By | Julia Galef | www.cnbc.com
Confidence is one of those words that we use to mean different things without even realizing it.
One is what psychologists call “epistemic confidence,” or certainty. How sure you are about what’s true? If you say, “I’m 99% positive he’s lying” or “I guarantee this will work,” you’re displaying epistemic confidence.
Then there’s “social confidence,” or self-assuredness. When you’re in a group setting, do you act like you deserve to be there, like you’re secure in yourself and in your role? If you speak as if you’re worth listening to, you’re displaying social confidence.
Why social confidence is more valuable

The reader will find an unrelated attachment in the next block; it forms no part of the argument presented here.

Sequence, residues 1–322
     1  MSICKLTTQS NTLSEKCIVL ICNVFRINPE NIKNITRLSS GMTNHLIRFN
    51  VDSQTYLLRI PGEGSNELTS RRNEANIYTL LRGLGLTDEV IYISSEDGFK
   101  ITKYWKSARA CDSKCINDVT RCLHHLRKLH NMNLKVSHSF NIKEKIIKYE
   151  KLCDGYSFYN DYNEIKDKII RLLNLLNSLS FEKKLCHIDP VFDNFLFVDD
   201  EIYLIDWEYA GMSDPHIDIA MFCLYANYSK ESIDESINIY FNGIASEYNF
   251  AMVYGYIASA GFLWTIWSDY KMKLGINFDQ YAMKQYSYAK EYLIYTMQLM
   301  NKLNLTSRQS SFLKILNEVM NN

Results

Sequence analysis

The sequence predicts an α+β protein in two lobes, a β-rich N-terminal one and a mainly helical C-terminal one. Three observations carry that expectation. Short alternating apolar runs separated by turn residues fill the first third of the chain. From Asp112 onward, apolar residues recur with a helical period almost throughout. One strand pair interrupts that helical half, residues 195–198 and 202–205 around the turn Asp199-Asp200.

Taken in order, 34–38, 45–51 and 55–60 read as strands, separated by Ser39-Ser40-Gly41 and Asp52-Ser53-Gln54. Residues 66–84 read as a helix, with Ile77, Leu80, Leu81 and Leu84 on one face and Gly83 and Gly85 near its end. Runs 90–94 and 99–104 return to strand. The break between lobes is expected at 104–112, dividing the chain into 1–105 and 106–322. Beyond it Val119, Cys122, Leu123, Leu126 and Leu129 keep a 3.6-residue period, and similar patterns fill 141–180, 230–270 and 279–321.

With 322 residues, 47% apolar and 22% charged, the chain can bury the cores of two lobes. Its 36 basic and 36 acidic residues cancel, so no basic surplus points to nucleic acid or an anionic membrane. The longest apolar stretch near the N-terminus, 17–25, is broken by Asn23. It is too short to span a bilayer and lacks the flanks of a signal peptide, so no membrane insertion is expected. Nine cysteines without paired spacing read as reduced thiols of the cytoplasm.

We tend to conflate both types of confidence. It’s easy to picture, for example, a leader pumping up his team with an inspiring pep talk about how there’s no doubt in his mind that they’re going to succeed. It’s also easy to picture someone lacking in both types, stammering nervously, “Uh, I’m not really sure what we should do here.”
But epistemic confidence and social confidence don’t have to be a package deal. In fact, some of the most successful — and likable — people have more of the latter.